The arts and culture sectors represented more than $1 trillion of the US economy in 2021 and accounted for a record portion of country’s overall economic value, per new data from the government.
On Wednesday, the National Endowment for the Arts (NEA) and the Bureau of Economic Analysis (BEA) published their latest analysis of the economic health of 35 industries within the arts. Additional emphasis was placed on measuring whether each industry had returned to pre-pandemic levels of economic performance—or if they had failed to recover.
According to the report, between 2020 and 2021, the total economic value contributed by arts and cultural industries increased by 13.7 percent, vastly surpassing the gains of the wider US economy, which grew by just 5.9 percent over the same period. By the end of 2021, the arts industries made up 4.4 percent of the nation’s overall gross domestic product (GDP).
Of the 35 industries studied, ten—including independent performers and artists and performing arts organizations—recorded significant growth within 2021, however none reached 2019-levels of economic output. The NEA also reported that just under 4.9 million people were employed in the arts industries in 2021, representing an increase from 2020, when the pandemic curtailed economic activity in the arts worldwide. That too was still below the 5.2 million employed in 2019.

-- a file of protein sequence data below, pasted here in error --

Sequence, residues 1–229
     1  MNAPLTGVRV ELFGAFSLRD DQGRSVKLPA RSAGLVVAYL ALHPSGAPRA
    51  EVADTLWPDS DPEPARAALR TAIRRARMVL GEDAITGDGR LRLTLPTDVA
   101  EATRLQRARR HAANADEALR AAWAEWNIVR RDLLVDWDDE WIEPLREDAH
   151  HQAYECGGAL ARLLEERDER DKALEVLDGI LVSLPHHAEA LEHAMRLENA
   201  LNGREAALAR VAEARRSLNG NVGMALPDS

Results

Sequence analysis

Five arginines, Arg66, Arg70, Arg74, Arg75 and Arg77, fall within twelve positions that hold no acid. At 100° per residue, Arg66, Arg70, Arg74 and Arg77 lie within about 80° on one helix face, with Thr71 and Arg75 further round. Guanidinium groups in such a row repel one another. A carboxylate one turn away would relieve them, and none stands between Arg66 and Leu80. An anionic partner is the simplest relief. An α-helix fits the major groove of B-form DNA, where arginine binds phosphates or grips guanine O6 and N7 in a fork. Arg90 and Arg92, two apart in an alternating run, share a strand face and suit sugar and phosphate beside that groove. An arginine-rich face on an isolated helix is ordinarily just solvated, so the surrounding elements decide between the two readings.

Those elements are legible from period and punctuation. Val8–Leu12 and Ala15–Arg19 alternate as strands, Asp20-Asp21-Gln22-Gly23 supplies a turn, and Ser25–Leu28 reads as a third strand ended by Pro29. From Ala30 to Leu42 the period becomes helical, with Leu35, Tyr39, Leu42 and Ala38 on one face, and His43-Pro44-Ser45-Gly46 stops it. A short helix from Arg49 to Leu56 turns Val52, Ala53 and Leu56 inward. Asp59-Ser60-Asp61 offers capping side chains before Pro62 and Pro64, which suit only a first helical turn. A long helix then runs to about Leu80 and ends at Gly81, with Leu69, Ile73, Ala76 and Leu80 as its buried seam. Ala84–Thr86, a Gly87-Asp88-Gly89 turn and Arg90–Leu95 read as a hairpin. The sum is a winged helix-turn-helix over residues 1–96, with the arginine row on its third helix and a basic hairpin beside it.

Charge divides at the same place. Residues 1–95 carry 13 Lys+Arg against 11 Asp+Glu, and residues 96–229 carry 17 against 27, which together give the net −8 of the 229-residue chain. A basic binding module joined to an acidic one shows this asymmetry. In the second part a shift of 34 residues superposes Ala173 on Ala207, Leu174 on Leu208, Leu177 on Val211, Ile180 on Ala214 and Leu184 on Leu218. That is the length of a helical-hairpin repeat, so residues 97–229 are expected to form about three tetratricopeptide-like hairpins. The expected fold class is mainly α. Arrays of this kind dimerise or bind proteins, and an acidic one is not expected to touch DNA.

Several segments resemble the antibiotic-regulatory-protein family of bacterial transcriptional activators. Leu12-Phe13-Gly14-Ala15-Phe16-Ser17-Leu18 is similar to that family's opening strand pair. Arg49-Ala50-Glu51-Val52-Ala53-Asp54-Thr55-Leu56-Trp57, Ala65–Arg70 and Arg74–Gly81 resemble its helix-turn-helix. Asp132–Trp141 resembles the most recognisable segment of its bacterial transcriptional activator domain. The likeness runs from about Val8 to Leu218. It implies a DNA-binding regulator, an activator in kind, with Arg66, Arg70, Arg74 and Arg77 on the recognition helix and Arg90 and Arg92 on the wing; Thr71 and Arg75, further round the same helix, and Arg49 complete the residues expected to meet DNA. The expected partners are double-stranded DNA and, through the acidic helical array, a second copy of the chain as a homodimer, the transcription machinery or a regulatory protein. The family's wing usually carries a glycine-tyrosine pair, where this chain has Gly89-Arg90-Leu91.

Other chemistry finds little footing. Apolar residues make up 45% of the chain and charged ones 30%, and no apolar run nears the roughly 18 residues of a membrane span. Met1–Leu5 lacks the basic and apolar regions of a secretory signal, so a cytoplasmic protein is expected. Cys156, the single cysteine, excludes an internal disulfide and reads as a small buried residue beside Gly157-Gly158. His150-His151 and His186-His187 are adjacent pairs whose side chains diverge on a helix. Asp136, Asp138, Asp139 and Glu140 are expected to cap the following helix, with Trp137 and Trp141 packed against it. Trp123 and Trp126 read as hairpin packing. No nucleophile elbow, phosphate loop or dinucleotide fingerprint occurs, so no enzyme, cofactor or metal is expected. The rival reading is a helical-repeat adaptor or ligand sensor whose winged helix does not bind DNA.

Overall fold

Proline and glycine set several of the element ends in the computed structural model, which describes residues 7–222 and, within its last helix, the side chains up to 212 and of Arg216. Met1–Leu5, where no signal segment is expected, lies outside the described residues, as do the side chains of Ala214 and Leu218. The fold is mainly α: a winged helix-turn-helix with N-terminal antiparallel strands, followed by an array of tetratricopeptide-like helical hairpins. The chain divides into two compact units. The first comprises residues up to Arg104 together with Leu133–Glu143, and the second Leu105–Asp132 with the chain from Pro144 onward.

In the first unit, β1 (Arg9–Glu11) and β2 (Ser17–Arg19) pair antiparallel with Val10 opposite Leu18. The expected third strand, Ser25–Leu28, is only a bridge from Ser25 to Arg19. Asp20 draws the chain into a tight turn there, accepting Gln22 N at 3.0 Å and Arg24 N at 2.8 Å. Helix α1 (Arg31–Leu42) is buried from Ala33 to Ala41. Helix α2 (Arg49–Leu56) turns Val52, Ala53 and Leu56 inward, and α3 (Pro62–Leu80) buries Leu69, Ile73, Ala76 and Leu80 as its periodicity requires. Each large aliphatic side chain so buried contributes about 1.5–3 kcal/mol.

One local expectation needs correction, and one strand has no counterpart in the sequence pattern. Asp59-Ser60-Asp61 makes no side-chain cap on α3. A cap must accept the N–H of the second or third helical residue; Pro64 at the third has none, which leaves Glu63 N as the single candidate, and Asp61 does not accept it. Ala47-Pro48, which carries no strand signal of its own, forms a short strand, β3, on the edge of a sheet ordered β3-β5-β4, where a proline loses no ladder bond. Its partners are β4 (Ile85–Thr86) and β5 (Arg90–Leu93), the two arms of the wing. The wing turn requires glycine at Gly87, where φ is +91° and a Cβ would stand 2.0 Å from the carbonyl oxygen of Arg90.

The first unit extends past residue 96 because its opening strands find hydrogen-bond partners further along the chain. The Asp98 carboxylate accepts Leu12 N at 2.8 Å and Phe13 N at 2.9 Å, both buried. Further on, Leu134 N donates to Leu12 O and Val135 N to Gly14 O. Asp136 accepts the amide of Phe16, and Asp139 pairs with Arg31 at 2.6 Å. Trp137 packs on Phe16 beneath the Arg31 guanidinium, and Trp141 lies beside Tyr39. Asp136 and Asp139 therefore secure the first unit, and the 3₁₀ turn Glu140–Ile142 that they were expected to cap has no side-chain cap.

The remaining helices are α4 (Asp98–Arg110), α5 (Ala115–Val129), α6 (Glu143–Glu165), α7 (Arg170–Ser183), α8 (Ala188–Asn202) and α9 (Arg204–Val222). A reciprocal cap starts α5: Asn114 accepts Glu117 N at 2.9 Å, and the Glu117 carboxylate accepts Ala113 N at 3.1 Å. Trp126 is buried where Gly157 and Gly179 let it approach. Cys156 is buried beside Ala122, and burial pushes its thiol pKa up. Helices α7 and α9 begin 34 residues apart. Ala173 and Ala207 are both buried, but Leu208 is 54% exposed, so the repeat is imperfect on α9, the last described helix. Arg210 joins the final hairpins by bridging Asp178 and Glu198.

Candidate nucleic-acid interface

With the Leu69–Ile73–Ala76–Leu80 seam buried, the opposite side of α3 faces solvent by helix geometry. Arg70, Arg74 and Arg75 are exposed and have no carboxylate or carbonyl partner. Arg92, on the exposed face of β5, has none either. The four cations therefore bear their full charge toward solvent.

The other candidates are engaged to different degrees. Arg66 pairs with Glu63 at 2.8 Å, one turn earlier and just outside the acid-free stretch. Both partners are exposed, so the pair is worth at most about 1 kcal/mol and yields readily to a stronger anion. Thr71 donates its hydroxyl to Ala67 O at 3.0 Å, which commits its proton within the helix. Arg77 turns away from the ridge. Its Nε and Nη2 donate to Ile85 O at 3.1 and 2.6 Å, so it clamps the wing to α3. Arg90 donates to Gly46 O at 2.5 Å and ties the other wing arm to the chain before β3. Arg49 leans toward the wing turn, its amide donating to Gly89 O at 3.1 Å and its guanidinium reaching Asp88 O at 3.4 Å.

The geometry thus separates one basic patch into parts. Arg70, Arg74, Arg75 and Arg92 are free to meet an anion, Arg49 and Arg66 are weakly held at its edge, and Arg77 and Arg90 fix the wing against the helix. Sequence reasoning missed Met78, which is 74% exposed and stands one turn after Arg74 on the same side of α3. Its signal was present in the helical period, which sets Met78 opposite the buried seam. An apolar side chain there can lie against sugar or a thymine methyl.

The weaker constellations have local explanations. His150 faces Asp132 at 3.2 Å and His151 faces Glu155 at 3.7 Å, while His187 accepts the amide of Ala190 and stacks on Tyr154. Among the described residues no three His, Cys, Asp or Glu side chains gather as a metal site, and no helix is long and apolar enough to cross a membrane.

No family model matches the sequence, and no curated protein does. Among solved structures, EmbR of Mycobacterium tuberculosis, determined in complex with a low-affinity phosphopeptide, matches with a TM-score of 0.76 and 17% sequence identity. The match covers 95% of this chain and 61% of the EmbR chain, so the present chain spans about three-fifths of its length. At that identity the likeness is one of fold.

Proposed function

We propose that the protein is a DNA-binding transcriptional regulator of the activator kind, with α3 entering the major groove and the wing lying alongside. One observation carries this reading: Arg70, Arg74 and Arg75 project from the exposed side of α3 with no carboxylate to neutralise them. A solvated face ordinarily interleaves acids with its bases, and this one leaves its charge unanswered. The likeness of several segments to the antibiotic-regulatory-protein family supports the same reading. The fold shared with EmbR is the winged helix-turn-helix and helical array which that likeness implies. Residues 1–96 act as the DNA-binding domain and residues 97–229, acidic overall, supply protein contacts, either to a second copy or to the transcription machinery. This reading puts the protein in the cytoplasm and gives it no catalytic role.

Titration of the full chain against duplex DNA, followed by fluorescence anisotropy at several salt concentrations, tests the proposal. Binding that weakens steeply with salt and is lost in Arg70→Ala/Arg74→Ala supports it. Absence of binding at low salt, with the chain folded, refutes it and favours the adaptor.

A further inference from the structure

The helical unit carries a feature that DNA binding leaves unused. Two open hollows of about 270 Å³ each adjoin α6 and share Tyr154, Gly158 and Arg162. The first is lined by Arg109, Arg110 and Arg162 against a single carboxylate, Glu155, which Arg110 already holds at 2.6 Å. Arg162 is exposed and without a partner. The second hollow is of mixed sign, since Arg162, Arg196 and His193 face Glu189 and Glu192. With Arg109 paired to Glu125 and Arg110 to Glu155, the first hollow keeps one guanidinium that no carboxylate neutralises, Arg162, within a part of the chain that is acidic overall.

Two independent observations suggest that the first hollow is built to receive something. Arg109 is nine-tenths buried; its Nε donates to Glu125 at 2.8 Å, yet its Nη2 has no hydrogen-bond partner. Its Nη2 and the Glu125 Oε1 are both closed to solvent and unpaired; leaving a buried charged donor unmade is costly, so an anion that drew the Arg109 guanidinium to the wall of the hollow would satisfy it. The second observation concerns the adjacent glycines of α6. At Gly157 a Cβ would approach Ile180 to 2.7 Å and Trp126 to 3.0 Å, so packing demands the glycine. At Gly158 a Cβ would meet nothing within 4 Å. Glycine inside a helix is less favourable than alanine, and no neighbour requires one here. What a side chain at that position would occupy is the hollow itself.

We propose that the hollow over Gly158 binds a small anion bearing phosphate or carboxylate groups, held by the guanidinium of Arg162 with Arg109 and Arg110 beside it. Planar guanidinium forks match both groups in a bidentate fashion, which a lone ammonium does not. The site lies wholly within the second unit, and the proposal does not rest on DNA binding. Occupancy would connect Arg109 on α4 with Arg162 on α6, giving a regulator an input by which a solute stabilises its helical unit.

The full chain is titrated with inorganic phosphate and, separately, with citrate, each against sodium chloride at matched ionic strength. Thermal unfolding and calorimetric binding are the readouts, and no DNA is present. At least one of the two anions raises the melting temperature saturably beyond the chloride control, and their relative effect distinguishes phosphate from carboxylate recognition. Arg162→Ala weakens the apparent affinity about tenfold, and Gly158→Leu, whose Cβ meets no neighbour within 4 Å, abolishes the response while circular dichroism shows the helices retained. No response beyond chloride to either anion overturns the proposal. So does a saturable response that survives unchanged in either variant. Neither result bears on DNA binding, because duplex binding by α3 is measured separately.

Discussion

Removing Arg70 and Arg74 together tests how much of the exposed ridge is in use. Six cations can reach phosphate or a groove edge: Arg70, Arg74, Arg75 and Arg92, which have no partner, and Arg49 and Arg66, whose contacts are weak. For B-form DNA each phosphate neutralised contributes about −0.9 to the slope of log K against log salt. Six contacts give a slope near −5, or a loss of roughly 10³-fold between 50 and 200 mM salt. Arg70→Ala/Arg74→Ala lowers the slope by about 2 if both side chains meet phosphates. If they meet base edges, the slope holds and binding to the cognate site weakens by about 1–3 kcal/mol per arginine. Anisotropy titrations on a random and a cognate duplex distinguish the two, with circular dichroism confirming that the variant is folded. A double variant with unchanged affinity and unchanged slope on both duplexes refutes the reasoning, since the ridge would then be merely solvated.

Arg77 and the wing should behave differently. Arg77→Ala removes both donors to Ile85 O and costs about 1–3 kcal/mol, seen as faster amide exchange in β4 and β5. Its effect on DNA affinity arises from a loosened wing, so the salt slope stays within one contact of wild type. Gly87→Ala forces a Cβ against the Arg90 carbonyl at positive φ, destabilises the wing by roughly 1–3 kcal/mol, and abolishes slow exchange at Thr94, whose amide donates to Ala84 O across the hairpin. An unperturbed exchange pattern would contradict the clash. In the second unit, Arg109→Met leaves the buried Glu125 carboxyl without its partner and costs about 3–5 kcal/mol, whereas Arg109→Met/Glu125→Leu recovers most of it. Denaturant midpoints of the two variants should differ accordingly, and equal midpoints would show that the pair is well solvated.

Performing arts workers and performing art venues, two of the hardest hit areas in 2019, grew in 2021 by 14 percent to about 230,000 employees in total. Again, a gain that was still below the 323,000 workers employed by the industry before Covid-19.
However, the report notes that these figures only represent employees on the bankroll of arts organizations. The decline in employment in some areas could be explained by an increased reliance on freelancers or contract workers during this period. Self-employed individuals historically make up a disproportionate amount of the arts workforce compared to other industries.
“This annual report from the NEA and BEA underscores that arts and culture are an essential part of the American economy. It is similarly apparent, however, that the sector still faces tremendous hardships due to COVID-19,” NEA chair Maria Rosario Jackson said in a statement.
She continued, “Because the data reflect the economic activity of nonprofit and for-profit organizations alike, it’s important to recognize the distinctive contributions both make in ensuring a vibrant and expansive arts and cultural sector.”